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Jimmy Jax Pinchak – Blue on Arrival

Posted on April 11, 2016 by mrhodes

Jimmy Jax Pinchak – Blue on Arrival 

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It’s hard to stand out doing blues music. Longtime music fans, particularly devotees of the genre, have heard scores of great guitar players working in the area. Eric Clapton, Stevie Ray Vaughn, Jimmy Page, Ritchie Blackmore, Leslie West, et al, are immortal figures in promoting blues music to largely uninitiated white audiences. Their predecessors, likewise, are legion and left an indelible mark on the form. The ultimate litmus test for new practitioners of the form is how and what distinctive personality to they bring to the table. Jimmy Jax Pinchak seems to exist in two camps. There are unreserved efforts to put his stamp on the music he loves scattered across his new album Blue on Arrival. They easily sit beside much more reverential efforts seemingly intent on raising the spirits of bluesmen long dead. Many influences are discernible.  

Pinchak is, without question, a major fan of the Three Kings – B.B., Albert, and Freddie. His inclinations lean more towards the latter two. The ghost of Albert King and his Flying V guitar rises some from the gut wrenching fretwork on the opener “Murder” while Pinchak is all strut and two-fisted attitude on the rough edged “Hit My Stride”. Pinchak pulls from the wide span of blues history for his influences and surprises no one with a cover of Robert Johnson’s epic “Crossroads Blues”. He does a fine job musically approximating Johnson’s chaos and despair, but the vocal suffers from a comparison. Anyone’s would. It is, however, a profoundly faithful cover that nonetheless bears the marks of an unusually gifted interpreter. He conjures a virtual storm with wickedly tangled slide guitar lines ideally suited for his raspy delivery.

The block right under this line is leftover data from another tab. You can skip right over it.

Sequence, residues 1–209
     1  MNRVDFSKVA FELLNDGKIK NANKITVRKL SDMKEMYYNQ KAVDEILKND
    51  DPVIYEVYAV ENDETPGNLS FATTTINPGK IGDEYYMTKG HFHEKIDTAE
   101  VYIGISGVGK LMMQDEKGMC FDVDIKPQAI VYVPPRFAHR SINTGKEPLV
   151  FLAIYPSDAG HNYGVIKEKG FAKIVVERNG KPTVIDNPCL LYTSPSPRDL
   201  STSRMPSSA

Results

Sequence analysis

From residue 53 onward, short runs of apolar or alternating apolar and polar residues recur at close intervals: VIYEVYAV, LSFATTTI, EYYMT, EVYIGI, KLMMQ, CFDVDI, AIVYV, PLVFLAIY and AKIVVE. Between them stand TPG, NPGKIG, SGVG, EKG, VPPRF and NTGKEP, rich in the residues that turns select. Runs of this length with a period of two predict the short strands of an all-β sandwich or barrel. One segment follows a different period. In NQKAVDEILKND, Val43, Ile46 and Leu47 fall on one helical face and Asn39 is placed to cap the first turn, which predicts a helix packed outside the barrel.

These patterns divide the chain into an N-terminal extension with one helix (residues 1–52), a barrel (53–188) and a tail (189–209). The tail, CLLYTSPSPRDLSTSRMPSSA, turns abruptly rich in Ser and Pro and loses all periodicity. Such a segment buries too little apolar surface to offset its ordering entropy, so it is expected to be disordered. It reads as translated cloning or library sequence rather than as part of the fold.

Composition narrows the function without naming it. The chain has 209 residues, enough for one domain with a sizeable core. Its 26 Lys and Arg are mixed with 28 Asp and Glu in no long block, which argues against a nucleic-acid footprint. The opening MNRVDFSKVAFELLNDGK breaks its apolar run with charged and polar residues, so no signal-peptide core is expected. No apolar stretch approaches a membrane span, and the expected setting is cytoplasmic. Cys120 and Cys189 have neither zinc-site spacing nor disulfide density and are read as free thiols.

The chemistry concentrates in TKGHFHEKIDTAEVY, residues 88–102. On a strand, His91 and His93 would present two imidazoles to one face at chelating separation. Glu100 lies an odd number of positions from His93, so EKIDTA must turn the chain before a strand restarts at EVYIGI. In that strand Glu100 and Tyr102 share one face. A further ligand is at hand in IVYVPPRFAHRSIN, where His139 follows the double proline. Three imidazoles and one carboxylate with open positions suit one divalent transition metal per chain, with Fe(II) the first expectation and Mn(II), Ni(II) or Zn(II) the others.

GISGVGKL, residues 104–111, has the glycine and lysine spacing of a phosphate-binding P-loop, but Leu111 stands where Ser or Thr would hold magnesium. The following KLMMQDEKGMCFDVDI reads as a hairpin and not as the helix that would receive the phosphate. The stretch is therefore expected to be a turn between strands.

“Rock Me Down” is a sure crowd pleaser with the album’s customary band swing in full effect. “Poison” is one of the album’s most impressive band performances and the individual members find frequent chances to shine as the outfit jams out on an album noted, to this point, for its brevity. Things take a muscular turn with another high point on “I Can’t Stop” and its spot on to hear how Pinchak and his band are able to flex their might on otherwise possibly innocuous slow numbers. This burns hot while retaining a lot of melodic swing. Pinchak shows off an easy affinity for lyrical blues in the mold of Mississippi John Hurt on the song “Poor Boy”, but the lyrics themselves set this apart as an original effort take a familiar form. The album’s final song, “Stuck in Glue”, has a more humorous spin than any of the album’s other tracks and it’s clear Pinchak has the ability to do this sort of material well. The song ends Pinchak’s second album on a light hearted note and it gives added variety to an album that sometimes plays like the work of someone consciously trying to do it all. If so, Pinchak succeeds. He covers all the blues bases on this album and never sounds inauthentic doing so.  

9 out of 10 stars. 

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David Shouse

© James Pinchak 2012